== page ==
Mailboss With In-Ground Post ImageTwenty years ago, mailbox theft wasn’t a huge problem in the world and those who lived in the country worried about very little when it came to identity theft.

Thus, country mailboxes of the past varied greatly. In some areas, the postal service was very lenient as to what could be considered a viable mailbox, as well.

Often, if you drove through the rural areas of your state, you’d see mailboxes made from Crisco cans, wooden planks or other unused materials.

Many times the mailbox wouldn’t even have a proper door or signal flag attached. The rural mail carriers simply drove through the area, inserting mail into whatever type of makeshift box they found at the side of the road.

However, today the USPS requires much more of country mailbox users. In addition, due to the rise in vandalism and theft, it’s important country mailboxes are much more secure and appropriately fitting to the current situation in America.

What Today’s Country Mailboxes Should Have

1. A Locking Mechanism: Even though the majority of identity theft mail crimes occur in residential or urban areas, a rural setting offers a great opportunity for mail thieves to steal mail without anyone seeing them. Since rural mailboxes often sit very far from the residence and there are few to no neighbors in the surrounding areas who could witness them taking mail from a rural mailbox, the scene is set perfectly for a mail thief to succeed.

Thus, it’s extremely important for country mailboxes to have locking mechanisms on them. Residential locking mailboxes are common today, in all areas, due to the rise in identity theft. They can help keep your mail and all private or personal information safe, until you can retrieve it from your box.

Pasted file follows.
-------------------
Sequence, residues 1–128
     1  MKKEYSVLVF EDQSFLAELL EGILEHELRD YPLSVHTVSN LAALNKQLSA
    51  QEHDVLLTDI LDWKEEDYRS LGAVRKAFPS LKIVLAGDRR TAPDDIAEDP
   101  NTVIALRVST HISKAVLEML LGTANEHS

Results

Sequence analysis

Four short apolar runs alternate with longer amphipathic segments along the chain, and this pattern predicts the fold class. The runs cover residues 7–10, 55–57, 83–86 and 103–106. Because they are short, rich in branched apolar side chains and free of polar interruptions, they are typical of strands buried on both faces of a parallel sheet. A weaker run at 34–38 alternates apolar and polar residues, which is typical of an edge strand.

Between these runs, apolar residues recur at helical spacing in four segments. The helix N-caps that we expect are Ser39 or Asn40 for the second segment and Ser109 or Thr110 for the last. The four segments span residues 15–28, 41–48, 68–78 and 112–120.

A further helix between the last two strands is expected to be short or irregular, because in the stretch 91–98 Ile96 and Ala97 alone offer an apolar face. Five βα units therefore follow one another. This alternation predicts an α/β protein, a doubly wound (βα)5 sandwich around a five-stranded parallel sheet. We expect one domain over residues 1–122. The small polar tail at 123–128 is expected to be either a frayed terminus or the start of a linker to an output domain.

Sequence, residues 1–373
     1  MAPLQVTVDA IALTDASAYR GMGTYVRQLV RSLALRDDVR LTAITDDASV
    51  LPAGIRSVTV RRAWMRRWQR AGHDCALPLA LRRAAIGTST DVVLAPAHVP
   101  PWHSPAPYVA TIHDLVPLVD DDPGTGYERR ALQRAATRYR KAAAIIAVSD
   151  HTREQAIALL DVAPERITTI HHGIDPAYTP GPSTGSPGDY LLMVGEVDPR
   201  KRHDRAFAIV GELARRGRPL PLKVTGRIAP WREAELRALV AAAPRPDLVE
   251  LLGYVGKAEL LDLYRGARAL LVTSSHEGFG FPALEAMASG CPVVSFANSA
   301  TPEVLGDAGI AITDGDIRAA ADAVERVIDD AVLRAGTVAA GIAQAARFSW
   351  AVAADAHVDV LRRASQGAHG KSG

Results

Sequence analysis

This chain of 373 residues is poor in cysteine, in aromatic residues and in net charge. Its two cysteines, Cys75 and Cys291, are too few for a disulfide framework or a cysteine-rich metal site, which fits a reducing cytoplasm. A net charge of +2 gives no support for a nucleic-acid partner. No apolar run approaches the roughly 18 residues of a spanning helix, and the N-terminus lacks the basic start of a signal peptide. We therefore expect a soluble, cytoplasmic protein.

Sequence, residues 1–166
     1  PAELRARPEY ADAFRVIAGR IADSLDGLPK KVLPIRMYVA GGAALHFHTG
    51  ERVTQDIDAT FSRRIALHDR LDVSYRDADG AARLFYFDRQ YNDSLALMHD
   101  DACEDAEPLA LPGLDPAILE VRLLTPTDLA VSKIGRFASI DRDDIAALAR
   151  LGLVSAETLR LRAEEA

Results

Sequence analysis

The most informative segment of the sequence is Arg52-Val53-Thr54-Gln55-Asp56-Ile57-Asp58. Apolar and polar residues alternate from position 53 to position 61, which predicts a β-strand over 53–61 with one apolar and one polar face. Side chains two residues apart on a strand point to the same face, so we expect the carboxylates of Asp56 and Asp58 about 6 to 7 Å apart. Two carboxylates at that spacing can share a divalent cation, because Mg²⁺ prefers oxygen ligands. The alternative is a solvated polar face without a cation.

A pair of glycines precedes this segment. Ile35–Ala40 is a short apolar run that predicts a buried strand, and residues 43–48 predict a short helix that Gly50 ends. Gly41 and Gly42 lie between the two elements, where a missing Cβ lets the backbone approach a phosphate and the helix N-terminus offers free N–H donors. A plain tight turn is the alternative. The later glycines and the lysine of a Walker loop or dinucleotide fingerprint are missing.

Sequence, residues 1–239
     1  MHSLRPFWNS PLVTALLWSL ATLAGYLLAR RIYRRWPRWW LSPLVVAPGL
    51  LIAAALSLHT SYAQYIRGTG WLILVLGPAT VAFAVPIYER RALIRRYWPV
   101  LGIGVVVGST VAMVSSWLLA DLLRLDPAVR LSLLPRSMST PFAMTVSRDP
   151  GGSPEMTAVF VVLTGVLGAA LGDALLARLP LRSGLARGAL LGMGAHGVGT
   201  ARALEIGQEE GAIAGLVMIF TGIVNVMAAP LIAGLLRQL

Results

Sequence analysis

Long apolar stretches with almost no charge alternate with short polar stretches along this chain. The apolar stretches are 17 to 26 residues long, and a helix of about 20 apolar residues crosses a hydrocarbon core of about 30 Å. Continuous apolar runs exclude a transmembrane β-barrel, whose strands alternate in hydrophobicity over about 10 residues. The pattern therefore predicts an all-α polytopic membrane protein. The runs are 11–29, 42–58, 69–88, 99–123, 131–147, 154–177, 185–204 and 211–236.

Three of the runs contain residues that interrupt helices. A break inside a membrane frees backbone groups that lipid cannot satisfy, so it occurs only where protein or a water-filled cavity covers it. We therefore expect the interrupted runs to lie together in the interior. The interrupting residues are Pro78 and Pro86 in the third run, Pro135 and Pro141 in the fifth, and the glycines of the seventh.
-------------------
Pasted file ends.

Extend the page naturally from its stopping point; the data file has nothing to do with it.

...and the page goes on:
2. High Quality Construction: While vandalism is often not able to be prevented and most mailboxes can’t fend off paint or explosives, a country mailbox should be made of durable materials.

Most preferably, country mailboxes can be surrounded by brick encasements. This can help if your mailbox is often damaged due to local teenagers who think using a baseball bat on a mailbox is a fun activity. In addition, it can help prevent cars from running off the road and hitting your mailbox.

3. USPS Regulation Sized Parts: Although the USPS gives their customers a lot of freedom when it comes to the design and type of mailbox they can install at their home, there are many rules they expect residents to follow these days. The size of mailboxes is one thing they do focus on, as well as the placement.

Almost all country mailboxes are roadside mailboxes, as they are often spread very far apart from one another. Often, the mail delivery person drives their own personal vehicle, as well. Mailboxes should be positioned on the side of the road in a way where the carrier doesn’t have to leave their vehicle. This requires the box to be about 41” to 45” off the ground, and about 6” to 8” from the curb.